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Alison Clayburn


You cannot mend the lives of others.
You cannot mend your other lives.
They have passed down the river,
under the bridge where you now stand
looking down at the mud and the sparkles
and the fallen, floating leaves.

You are just a leaf yourself. You are only
a leaf caught up in a puddle, awaiting rain
to take you to an eddy, a narrow stream,
maybe a still pool, maybe a restless ocean.

Or awaiting wind – air to lift you,
bowl you round walls,
catch you in corners,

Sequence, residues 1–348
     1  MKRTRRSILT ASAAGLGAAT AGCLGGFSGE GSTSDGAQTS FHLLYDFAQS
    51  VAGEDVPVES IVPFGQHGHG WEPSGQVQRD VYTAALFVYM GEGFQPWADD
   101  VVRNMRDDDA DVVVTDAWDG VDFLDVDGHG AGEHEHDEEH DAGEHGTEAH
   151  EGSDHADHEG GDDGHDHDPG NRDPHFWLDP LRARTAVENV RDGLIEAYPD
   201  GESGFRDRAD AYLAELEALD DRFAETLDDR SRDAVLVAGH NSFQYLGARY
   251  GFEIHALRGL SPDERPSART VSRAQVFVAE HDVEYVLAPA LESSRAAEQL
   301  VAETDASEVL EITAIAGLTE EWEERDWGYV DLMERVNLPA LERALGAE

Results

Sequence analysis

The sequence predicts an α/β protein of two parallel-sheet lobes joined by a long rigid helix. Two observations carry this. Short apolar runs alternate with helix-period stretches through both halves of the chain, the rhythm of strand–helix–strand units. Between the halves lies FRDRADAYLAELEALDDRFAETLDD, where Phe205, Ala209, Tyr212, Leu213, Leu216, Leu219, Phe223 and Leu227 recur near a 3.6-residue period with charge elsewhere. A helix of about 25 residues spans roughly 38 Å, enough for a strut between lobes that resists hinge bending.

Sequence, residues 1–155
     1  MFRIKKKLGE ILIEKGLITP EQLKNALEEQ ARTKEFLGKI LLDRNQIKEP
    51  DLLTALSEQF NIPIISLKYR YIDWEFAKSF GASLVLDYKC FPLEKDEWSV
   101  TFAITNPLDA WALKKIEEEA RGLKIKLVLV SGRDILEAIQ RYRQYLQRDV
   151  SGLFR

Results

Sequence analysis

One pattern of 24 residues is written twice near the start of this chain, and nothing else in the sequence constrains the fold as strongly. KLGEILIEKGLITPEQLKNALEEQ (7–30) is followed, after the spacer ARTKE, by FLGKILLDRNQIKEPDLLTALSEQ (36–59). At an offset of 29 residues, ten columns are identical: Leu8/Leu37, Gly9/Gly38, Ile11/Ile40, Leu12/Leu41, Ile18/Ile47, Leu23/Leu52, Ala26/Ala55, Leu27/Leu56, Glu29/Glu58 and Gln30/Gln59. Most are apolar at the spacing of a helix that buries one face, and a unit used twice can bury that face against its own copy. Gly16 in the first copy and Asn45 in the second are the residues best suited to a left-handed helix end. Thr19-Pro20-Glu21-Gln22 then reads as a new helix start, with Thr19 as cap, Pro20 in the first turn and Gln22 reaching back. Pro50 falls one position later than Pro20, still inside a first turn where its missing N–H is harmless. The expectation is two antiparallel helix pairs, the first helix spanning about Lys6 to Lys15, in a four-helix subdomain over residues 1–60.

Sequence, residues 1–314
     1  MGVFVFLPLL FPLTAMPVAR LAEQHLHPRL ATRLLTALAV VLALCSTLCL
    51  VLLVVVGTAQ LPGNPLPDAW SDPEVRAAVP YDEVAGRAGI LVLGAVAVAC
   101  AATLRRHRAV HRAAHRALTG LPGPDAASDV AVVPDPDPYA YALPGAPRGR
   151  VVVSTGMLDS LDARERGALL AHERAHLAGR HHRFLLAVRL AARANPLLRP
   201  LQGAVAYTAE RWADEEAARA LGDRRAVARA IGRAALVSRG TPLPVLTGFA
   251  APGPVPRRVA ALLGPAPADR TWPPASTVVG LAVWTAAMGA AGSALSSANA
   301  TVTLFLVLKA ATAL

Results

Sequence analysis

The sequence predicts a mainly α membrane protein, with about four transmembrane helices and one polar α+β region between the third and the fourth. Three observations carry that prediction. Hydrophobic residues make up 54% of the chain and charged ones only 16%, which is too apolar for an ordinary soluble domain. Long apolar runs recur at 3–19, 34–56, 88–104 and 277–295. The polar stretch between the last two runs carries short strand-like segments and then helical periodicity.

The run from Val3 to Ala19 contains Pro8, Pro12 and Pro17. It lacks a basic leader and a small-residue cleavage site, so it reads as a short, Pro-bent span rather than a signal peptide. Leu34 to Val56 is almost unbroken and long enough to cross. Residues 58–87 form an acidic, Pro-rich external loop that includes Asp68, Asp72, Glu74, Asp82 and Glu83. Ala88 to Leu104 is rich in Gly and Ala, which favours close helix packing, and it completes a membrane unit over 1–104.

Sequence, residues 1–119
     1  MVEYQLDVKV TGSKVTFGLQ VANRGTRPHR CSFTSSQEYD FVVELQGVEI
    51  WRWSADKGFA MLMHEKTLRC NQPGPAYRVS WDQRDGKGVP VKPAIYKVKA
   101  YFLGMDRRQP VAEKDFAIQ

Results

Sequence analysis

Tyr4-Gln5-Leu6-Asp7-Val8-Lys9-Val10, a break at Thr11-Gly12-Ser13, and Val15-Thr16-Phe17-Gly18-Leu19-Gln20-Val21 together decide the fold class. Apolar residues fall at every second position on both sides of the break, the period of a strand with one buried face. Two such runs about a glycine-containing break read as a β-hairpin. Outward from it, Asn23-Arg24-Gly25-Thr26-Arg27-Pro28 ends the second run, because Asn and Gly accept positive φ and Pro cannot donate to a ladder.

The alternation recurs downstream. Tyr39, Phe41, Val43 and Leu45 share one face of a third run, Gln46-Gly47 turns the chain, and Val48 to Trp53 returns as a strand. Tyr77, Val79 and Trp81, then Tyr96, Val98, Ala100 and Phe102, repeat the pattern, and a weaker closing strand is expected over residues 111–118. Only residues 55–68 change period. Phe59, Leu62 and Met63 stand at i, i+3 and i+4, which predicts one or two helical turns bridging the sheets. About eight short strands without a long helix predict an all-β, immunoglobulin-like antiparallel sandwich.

spiral you up
to float over rooftops.
Eventually, to let you fall,
to let you


It is green and cool here. 
White blossom scatters – we call it confetti.
But we are here to honour a life,
not  a union. Except some
might call it a union.

Under a large soft orb, we gather
around floral tributes
from which the undertaker's man
removes the cards.  A plume of black smoke rises,
seems gone in an instant.

I wave goodbye, think of that other smoke
in the land of many cherry trees,
of the threat of evil confetti
where white is the colour of funerals. 
We celebrate a life. We hope.

Alison Clayburn was born in Hampshire, UK, near the sea. She now lives in London by the Thames. After a long career as a community worker she became an adult educator, specializing in language and communications. She teaches creative writing with an emphasis on personal development. Buddhism has helped her to make changes.